When the hustle and bustle of London gets a little too hustley and bustley, it’s time for an escape from the city. I rounded up a couple girlfriends and made for Bristol, less than three hours by bus from London. While Bristol is significantly less populated than London, the metropolitan area is the 12th largest in the UK, so it was a perfect choice for a fun girls’ weekend. There are so many fun things to do in Bristol, and I can’t wait to share what we discovered with you! If you have a car, Bristol is easily reached on a road trip through England. Since we were car-less, we purchased £13.80 Megabus tickets and arrived in the city just after lunchtime.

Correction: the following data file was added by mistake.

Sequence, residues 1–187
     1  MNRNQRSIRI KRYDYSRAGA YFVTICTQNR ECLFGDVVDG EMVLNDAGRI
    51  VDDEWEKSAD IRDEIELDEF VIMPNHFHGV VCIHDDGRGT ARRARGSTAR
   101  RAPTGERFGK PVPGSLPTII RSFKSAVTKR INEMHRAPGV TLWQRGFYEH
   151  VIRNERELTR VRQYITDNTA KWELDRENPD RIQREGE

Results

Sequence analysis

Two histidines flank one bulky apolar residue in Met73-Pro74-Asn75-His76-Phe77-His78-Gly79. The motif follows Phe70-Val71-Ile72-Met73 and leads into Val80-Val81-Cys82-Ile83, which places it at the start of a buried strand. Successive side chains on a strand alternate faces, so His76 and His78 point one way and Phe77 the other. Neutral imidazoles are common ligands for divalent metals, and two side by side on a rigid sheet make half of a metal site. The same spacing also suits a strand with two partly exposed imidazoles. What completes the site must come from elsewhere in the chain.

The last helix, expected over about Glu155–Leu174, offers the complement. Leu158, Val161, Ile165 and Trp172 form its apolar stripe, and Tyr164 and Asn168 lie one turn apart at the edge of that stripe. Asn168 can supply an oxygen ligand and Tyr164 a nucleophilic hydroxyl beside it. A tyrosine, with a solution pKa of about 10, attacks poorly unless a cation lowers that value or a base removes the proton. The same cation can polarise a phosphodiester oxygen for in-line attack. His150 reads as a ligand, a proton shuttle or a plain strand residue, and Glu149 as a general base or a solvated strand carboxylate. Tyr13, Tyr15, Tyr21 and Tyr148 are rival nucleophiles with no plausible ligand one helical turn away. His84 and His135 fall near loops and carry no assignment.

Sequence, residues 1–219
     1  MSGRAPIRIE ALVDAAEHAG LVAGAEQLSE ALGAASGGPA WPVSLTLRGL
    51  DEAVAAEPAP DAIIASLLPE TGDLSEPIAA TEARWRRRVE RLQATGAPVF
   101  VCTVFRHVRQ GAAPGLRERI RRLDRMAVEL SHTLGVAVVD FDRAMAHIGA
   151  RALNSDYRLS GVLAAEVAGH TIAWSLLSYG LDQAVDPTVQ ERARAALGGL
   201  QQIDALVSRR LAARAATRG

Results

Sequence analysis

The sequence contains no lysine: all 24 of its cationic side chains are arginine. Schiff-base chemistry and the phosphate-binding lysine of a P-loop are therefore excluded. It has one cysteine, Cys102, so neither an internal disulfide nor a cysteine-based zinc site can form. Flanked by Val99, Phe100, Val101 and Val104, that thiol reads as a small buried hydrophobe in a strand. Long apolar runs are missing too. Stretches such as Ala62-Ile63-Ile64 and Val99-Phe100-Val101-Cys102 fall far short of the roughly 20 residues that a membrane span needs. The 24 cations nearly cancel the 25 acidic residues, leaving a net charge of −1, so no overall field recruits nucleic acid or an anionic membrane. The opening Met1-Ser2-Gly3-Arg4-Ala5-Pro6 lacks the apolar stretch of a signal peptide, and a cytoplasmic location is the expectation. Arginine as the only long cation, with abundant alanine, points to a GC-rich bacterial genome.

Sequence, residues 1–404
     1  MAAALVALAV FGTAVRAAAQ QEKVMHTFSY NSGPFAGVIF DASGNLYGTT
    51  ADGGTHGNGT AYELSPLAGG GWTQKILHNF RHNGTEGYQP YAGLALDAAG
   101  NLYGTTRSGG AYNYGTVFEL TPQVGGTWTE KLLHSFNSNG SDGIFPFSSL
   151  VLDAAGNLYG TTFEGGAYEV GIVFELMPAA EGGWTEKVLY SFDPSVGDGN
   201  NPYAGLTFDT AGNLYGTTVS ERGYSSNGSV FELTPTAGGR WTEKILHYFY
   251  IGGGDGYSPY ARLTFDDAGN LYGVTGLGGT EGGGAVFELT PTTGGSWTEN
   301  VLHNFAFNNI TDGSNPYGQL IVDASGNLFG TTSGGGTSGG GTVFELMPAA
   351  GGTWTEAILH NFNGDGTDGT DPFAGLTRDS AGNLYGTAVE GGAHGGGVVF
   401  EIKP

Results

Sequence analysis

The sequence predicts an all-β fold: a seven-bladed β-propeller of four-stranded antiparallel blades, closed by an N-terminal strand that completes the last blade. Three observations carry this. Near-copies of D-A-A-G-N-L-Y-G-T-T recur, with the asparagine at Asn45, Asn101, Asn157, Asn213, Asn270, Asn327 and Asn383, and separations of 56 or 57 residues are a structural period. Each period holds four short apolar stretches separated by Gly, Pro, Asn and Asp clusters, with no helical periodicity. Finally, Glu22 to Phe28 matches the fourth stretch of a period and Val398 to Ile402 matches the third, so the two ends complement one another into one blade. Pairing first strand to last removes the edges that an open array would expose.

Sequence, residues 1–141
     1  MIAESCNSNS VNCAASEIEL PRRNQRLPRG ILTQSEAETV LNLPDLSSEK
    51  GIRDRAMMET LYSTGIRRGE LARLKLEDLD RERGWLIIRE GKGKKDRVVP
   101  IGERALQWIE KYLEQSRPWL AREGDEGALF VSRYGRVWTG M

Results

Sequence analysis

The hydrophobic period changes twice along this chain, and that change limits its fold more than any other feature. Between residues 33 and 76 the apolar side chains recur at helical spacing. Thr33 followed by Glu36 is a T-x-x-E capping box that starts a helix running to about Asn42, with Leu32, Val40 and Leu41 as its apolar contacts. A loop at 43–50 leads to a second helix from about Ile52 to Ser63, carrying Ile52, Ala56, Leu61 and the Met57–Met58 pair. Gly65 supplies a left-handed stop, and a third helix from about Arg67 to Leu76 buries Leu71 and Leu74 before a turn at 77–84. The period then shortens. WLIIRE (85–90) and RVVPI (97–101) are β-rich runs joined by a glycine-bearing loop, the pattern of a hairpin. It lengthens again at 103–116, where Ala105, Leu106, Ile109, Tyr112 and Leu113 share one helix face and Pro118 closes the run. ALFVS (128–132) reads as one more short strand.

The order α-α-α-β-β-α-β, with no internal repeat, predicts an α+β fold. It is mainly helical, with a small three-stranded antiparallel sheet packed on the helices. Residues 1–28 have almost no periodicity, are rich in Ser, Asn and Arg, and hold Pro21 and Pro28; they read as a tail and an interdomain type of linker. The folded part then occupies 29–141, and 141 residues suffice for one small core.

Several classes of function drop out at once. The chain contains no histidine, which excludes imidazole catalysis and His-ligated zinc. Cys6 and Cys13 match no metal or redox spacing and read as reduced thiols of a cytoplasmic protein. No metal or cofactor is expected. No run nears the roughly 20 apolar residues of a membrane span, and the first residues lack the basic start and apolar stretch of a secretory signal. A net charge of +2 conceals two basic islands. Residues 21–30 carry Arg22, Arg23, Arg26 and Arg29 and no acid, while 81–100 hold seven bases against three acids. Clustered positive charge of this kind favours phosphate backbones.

The city straddles the River Avon and boasts a rich maritime history. Our Canadian friend was especially impressed that John Cabot, the explorer who discovered Canada, set sail from Bristol. We passed by a replica of Cabot’s ship, the Matthew, as we made our way to the hostel.
The best things to do in Bristol
Stay in a hostel boat
Although we researched several hotel and hostel options, we decided to stay at the Kyle Blue Luxury Hostel Boat. Moored in Wapping Harbour between the SS Great Britain and the MShed Museum, it’s a perfect base for exploring Bristol. A short five-minute stroll takes you into the heart of the city. The Kyle Blue Hostel has only been open for a year, and still has that new-boat smell. Everything felt fresh and clean and the kitchen and common areas were immaculately kept.